2.1.2. Aid

In accordance with the Sustainable Development Goals, donors have committed themselves to contribute to eliminate gender disparities in primary and secondary education, devoting an increasing share of aid to the education sector. However, there is a heated debate concerning whether or not foreign aid is effective in promoting economic development in the first place (see, e.g., [1820]). Even recent surveys of the aid-growth literature have reached diametrically opposite conclusions. (Doucouliagos and Paldam [21] conclude that the aid effectiveness literature has failed to establish that aid works. In contrast, McGillivray et al. [22] stress that most research published since the late 1990s finds that aid indeed works.) Both camps have been criticized by Dreher et al. [67] for ignoring that different types of aid may not have the same economic effects on the recipient countries. For example, they found that education aid increases primary school enrollment while domestic spending does not (see also [23]).

But does aid per capita received by a nation improve gender equality in education? To our knowledge, this question has not been widely studied. We expect that aid can lower the cost of promoting secondary education for developing countries and hence increase the prospects that girls attend school. Also, whereas domestic expenditure on education is sometimes biased against the poor, donor strategies usually emphasize poor and disadvantaged target groups, in particular girls for whom school attendance is often lower than for boys ([24], see also [25] on gender targeting in international development aid). Norway’s strategy for development cooperation, for example, emphasizes the importance of education reaching the most vulnerable groups, including girls in particular [6]. As such, while education aid increases the capacity of states, it also arguably reflects the willingness of the international community. Finally, international education aid often focuses on improving the physical learning environment and the quality of education, which may, as argued above, provide particular incentives for girls to attend school [26]. (One could of course argue that those nations that receive higher amounts of aid per capita have weaker government infrastructure and economies and are hence likely to have lower primary and secondary school attainment rates (see, e.g., [27]). However, since we focus on developing countries, we expect the effect of aid to be positive).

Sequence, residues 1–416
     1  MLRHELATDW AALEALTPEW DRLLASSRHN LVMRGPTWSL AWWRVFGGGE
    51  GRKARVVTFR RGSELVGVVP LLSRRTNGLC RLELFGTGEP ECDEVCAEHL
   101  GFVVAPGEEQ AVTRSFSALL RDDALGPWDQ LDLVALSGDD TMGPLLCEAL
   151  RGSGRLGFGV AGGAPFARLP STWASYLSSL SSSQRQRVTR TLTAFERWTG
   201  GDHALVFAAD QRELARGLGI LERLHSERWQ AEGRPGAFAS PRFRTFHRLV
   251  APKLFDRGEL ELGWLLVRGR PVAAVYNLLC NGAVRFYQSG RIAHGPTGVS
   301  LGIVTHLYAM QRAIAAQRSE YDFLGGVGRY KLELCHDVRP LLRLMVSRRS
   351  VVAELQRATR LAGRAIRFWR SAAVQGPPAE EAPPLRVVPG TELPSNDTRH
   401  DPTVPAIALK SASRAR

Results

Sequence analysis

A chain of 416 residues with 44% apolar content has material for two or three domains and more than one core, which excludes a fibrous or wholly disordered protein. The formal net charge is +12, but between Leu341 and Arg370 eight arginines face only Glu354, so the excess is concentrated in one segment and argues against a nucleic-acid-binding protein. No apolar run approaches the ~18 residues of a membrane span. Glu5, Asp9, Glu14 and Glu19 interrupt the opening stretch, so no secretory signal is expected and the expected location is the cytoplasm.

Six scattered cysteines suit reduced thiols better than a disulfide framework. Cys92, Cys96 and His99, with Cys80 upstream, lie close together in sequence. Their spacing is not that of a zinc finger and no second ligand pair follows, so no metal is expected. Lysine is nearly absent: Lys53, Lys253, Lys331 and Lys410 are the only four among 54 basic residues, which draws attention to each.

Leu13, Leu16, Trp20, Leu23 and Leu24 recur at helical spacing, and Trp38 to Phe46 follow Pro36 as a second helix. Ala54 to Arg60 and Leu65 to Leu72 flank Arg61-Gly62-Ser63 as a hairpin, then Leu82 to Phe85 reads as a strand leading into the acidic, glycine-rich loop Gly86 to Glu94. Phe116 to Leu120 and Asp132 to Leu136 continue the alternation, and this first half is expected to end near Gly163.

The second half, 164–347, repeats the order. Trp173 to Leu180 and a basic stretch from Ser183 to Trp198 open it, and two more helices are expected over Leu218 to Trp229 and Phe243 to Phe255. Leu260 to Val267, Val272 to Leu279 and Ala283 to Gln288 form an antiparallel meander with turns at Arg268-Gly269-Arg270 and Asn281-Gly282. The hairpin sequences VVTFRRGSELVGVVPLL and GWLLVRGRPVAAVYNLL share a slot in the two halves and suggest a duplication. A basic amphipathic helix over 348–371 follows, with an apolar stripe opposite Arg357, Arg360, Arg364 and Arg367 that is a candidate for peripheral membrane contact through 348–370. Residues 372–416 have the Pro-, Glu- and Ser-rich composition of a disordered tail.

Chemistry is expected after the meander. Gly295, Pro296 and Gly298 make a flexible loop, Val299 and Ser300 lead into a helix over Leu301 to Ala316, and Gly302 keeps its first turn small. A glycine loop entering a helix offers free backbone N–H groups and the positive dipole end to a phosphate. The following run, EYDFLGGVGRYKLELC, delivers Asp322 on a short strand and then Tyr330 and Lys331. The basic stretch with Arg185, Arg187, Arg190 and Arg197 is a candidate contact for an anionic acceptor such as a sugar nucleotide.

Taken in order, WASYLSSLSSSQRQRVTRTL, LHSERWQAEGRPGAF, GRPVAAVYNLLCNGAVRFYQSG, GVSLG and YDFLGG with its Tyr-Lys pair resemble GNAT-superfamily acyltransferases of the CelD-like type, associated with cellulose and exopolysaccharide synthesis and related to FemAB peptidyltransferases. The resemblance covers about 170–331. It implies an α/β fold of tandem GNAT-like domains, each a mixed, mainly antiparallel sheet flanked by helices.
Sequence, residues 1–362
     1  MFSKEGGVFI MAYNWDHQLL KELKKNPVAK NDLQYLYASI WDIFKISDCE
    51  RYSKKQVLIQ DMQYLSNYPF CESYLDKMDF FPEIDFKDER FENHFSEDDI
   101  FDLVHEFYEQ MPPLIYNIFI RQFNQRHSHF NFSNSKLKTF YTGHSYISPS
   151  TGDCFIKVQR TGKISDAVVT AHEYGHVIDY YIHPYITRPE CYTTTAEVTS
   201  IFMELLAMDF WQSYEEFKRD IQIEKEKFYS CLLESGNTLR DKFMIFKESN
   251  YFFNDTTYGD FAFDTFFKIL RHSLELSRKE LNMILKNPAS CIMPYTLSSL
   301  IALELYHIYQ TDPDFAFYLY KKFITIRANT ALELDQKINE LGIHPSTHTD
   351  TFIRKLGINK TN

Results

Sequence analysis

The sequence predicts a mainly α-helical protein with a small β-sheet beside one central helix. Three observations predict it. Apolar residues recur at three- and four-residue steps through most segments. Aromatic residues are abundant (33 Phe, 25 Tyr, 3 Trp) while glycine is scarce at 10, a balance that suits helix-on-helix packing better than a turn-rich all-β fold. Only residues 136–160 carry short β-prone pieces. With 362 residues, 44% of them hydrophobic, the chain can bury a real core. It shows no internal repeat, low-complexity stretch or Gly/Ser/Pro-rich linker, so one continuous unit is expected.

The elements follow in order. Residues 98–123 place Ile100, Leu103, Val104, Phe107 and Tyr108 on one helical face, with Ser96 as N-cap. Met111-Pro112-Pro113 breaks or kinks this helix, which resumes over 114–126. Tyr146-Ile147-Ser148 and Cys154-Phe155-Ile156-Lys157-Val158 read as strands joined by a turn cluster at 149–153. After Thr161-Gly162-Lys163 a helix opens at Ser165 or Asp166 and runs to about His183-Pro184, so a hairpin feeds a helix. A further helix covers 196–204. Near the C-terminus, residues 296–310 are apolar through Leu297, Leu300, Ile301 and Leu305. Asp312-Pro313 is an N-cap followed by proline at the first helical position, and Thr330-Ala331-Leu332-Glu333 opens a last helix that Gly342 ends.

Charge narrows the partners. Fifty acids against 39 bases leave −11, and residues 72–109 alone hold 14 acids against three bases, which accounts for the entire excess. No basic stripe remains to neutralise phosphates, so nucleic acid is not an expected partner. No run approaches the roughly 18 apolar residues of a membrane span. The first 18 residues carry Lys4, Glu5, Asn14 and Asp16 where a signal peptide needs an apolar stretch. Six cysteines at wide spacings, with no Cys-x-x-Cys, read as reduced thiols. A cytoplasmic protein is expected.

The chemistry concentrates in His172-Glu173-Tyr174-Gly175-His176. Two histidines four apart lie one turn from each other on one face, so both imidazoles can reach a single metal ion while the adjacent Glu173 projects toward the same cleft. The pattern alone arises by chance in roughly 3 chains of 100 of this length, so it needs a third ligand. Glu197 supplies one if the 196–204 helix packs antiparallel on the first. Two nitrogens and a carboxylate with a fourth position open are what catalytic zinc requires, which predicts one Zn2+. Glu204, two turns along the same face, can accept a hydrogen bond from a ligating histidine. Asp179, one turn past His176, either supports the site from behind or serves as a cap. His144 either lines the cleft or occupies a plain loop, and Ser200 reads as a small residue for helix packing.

2.1.3. Urbanization